Published July 9, 2007


Analysts upbeat about property companies' results

Contributions from residential projects seen boosting bottom line


ANALYSTS expect property companies listed in Singapore to report a good set of financials in the coming results season as they continue to recognise contributions from their residential businesses.

'The results should be better than last year's because the profits that the developers book from their projects should improve progressively,' said David Lum, an analyst at the Daiwa Institute of Research.

In addition, if developers decide to revalue their portfolios, they will also see paper gains because of rising capital values, Mr Lum said.

Other analysts were similarly upbeat about property companies here, with several research firms reiterating 'buy' calls on major property stocks as well as 'outperform' ratings on the Singapore property sector after data from the Urban Redevelopment Authority (URA) last week showed that private home prices rose 7.9 per cent in the second quarter of the year - the biggest quarter-on-quarter gain in about seven years.

Citigroup analyst Wendy Koh noted that the price climb reflected 'strong genuine demand' as it was accompanied by rising transaction volumes in the secondary market.

Ms Koh is upbeat about the prospects of Allgreen, Wing Tai and City Developments, and has 'buy' calls on all three stocks.

Singapore's largest developer by market capitalisation, CapitaLand, was, however, rated a 'sell' by Citigroup.

Among other things, the stock was not favoured for its significant exposure to property development in China as any government policy changes there could have an impact on the group, Ms Koh said.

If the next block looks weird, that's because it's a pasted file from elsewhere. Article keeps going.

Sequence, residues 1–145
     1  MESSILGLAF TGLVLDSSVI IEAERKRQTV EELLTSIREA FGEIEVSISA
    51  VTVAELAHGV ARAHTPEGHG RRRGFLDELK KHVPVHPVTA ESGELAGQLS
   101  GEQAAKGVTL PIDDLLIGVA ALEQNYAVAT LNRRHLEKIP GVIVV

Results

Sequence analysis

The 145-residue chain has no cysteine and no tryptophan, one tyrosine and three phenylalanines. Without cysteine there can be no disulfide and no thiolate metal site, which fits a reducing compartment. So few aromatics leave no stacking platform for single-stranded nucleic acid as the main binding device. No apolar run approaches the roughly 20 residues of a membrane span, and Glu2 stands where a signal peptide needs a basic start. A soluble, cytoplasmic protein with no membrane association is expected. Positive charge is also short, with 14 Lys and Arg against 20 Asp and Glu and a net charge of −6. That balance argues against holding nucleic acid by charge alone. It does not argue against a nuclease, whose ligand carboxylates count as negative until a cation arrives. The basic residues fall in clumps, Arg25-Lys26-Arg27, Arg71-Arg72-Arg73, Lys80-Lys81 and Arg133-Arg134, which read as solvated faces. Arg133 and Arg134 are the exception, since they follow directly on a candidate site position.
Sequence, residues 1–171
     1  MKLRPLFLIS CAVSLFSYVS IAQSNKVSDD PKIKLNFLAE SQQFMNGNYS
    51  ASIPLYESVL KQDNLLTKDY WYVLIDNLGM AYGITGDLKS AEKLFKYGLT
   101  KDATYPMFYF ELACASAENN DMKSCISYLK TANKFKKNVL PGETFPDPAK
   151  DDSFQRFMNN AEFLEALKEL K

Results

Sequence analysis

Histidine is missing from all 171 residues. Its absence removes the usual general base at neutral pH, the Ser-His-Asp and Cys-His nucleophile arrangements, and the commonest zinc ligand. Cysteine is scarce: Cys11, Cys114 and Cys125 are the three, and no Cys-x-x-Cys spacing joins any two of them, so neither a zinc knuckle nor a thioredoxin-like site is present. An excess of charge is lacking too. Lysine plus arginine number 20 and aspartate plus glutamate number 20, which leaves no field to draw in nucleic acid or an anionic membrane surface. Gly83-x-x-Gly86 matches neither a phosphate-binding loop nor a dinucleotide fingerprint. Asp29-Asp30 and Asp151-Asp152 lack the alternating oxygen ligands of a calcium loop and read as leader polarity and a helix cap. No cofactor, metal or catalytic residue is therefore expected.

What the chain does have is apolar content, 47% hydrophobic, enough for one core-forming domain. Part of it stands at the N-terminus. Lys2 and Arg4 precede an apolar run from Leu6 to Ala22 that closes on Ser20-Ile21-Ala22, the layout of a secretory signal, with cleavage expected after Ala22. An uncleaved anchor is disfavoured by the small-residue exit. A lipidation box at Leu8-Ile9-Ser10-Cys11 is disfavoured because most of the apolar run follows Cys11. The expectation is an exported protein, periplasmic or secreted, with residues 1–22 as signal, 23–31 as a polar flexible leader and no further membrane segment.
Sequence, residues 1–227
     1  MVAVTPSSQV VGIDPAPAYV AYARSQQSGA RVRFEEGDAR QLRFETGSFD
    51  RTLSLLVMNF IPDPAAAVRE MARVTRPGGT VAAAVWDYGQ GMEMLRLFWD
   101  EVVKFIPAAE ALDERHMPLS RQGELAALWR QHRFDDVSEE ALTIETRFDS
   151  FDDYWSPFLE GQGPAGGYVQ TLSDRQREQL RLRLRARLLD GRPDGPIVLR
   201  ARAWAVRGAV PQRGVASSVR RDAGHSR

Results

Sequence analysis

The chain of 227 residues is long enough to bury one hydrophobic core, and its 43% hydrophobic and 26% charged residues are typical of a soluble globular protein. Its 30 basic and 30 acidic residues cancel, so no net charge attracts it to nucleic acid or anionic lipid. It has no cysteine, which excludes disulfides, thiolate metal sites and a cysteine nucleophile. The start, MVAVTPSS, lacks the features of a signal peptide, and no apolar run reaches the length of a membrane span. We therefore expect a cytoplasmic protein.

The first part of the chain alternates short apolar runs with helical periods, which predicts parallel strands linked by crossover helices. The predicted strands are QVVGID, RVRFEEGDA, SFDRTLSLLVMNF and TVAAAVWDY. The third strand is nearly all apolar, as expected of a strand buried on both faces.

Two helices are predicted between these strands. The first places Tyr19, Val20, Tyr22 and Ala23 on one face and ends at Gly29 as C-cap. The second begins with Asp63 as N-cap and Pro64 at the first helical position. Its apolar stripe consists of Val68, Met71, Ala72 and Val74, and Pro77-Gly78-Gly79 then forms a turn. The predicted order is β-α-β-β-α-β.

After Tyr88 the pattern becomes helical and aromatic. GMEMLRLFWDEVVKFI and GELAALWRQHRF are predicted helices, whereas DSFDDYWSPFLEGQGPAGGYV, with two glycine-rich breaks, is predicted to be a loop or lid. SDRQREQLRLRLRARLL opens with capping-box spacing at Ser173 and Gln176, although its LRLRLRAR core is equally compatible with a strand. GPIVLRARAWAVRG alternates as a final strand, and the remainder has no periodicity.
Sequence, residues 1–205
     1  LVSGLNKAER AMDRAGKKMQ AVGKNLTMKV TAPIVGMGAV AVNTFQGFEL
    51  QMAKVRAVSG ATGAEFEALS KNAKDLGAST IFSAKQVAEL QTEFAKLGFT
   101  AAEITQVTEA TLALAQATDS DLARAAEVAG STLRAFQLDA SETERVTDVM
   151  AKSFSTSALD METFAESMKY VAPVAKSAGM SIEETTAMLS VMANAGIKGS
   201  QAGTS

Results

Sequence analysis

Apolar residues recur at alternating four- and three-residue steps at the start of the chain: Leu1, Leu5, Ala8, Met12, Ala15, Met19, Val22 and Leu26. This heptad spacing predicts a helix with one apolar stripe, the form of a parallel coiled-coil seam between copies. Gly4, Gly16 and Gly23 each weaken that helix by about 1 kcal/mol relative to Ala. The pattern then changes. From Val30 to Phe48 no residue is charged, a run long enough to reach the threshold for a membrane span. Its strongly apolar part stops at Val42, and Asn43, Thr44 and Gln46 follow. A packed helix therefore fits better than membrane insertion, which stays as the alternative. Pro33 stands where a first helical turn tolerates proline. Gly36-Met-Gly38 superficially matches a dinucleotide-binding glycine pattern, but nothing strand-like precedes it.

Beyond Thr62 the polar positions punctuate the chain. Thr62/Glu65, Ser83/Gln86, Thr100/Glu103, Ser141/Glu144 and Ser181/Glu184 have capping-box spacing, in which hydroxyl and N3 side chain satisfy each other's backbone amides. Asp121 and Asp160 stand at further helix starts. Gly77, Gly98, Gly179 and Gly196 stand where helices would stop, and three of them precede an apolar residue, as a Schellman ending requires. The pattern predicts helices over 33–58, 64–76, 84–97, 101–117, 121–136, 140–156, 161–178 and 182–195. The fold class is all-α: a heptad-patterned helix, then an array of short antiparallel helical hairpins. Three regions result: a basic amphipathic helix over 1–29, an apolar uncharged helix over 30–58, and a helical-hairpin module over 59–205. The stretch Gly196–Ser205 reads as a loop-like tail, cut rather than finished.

On the other hand, Daiwa's Mr Lum has 'sell' calls on both CapitaLand and City Developments as the market is now pricing them too high, he said. However, he expects both companies to post better earnings for the half-year on the back of improved earnings from their residential businesses in Singapore.

Smaller property stocks have also been drawing interest of late on the back of an upbeat property market, with several seeing their fair values and earnings estimates bumped up by analysts.

For one, Low Keng Huat, which is better known for its construction business, is also set to benefit from increasing property prices, said UOB Kay Hian.

'With property prices in the mid-tier market starting to pick up, we are raising our estimated selling price for an upcoming project on the Minton Rise site to $750 per square foot (psf),' said UOB Kay Hian analyst Mark Tan, who has a 'buy' call on the stock. 'Latest transactions for existing developments in the area are in the region of $600-$650 psf.'

The latest data from the URA showed that mass market home prices climbed 7.9 per cent over the second quarter.

Meanwhile, analysts have warned that the risk of government intervention in the property market has risen even higher now, as there is a concern that the rate of price inflation might not be sustainable.

'The government also appears to be worried and has taken the step to warn buyers that it is monitoring the market closely, presumably for speculation,' said OCBC Investment Research analyst Winston Liew.

'Furthermore, it recently also released much more land than expected. Under such a situation, we see the risk of government intervention as having risen and actions to preempt problems cannot be ruled out.' He has a 'neutral' call on the property sector.